Friday, 13 November 2015

EJN’s mentoring program explores the human dimensions of climate change in Nigeria By Michael Simire

In addition to building the capacity of journalists and developing a series of environmentally-focused local content, the purpose of EJN’s mentorship program is to increase the knowledge of journalists in Nigeria on the challenges of covering climate change. This mentoring program will provide a comprehensive overview into the science behind climate change-related issues, link budding reporters to scientists and other experts in the field, and produce journalists with a long-term commitment to climate change reporting.

The journalists selected for the mentoring program are:

Innocent Onoh: A radio journalist, Onoh is the head of the Environment & Science Desk at the Federal Radio Corporation of Nigeria (FRCN) in Lagos.

Augustina Ogbonna-Armstrong: Ogbonna-Armstrong is a freelance multimedia journalist who focuses on environmental, sustainable development and community development reporting.

Kayode Aboyeji: A print journalist, Aboyeji is the head of the Environment Desk at the Daily Newswatch Newspaper in Lagos. He is very passionate about climate change, environmental and sustainable development reporting

After several weeks of communicating with the mentees over the Internet, I  had the first face-to-face meeting with them on June 18, 2015 in Lagos.

I introduced the goals of the project and outlined both what is expected of them and how they can benefit from participation. We discussed and agreed on other avenues of communications and outreach, including a Twitter hashtag, Facebook page and a WhatsApp discussion group.

The mentees were elated over being selected for the program. While commending EJN for backing the initiative, they expressed the desire to learn and engage with each other over the course of the 10-month project.

We discussed climate change-related story ideas and several mentees took the opportunity to pitch stories, which I evaluated and gave suggestions for coverage. At this point, all three mentees have begun to submit original reports and ten stories have been published on EnviroNews Nigeria and Teenaijanews Blpgspot, while radio reports broadcasted on Radio One Lagos and Radio Nigeria Network were uploaded to AudioBoom.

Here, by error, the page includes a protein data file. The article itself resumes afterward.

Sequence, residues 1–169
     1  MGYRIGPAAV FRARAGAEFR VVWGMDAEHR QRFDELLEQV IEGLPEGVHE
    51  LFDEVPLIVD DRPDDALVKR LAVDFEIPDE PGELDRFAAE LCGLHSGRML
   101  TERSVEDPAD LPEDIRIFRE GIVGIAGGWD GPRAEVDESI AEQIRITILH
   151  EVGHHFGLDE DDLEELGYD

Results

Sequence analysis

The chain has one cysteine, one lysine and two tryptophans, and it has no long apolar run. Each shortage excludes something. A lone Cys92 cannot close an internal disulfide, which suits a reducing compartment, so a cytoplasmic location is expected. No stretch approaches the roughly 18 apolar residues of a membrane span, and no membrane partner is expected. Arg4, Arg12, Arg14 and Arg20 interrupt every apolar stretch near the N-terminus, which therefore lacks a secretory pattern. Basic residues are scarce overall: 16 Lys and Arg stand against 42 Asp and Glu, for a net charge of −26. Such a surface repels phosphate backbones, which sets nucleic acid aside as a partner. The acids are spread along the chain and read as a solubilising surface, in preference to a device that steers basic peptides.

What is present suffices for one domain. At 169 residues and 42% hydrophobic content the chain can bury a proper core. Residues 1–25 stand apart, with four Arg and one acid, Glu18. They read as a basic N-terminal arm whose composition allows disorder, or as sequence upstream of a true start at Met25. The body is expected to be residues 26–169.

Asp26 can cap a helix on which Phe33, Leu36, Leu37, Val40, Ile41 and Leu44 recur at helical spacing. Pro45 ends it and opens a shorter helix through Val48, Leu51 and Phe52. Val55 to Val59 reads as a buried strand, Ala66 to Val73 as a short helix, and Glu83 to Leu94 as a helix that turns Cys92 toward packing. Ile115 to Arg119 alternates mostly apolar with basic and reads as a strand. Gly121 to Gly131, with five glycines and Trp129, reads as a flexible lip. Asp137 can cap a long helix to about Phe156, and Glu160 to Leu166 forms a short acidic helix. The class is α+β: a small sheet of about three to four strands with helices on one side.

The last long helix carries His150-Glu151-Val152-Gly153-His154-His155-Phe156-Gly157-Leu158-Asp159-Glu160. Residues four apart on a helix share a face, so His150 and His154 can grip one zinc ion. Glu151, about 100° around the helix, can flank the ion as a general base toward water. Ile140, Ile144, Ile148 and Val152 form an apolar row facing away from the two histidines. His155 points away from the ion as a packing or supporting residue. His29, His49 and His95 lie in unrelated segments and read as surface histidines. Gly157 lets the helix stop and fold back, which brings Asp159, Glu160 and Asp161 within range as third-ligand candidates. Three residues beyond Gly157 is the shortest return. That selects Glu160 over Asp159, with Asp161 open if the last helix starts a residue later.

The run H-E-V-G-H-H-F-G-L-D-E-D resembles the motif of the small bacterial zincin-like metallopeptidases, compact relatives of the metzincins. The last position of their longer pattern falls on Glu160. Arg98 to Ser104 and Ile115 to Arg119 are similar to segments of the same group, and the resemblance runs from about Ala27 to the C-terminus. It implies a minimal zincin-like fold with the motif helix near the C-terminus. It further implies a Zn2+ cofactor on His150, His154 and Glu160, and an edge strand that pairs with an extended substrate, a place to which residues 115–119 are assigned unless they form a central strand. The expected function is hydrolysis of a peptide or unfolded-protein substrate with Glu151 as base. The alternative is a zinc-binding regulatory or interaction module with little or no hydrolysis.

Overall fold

The materials produced thus far have focused on the human dimensions of climate change, telling the stories of ordinary, vulnerable people that are hugely affected by shifting weather patterns. In some cases, stories have also highlighted the adaptation strategies of these communities.

Stories like: “Ocean surge: We’ve no place to go, laments Okun-Alfa residents” and “Too much rain threatening our yield, vegetable farmers lament” (written by Kayode Aboyeji) both capture the scale and dimensions of these climate change impacts.

The mentees are also being encouraged to apply for grants and opportunities to fund further reporting on climate issues. All three applied for a Climate Change Media Partnership program to attend COP21 in Paris this year. Innocent Onoh got through to the semi-final stage.

They also applied for Oak Foundation-funded story grants on climate vulnerabilities. Two applications were submitted – an individual effort by Kayode Aboyeji and a joint entry by Innocent Onoh and Augustina Armstrong-Ogbonna. The latter application was successful and Onoh and Armstrong are embarking on a trip to several states in the northern part of the country to investigate how climate change has impacted the region, and issues related to the Green Wall Project, among others.

Onoh remarked on the program: “I never knew some things I took for granted matter a lot. This mentorship (program) is really worth it..”

Michael Simire is the editor of EnviroNews Nigeria and member of EJN Council of Partners.


Tuesday, 3 November 2015

New deadline for media accreditation for COP 21 is 9 November

To all media seeking accreditation for COP 21:
The UNFCCC secretariat has been open for media accreditation for the UN Climate Change Conference in Paris since the beginning of August and has been processing an increasing volume of applications and is nearing the 3,000 mark—which is the ceiling for media at COP 21 when taking into account other delegates and the physical, safety and security considerations of the venue.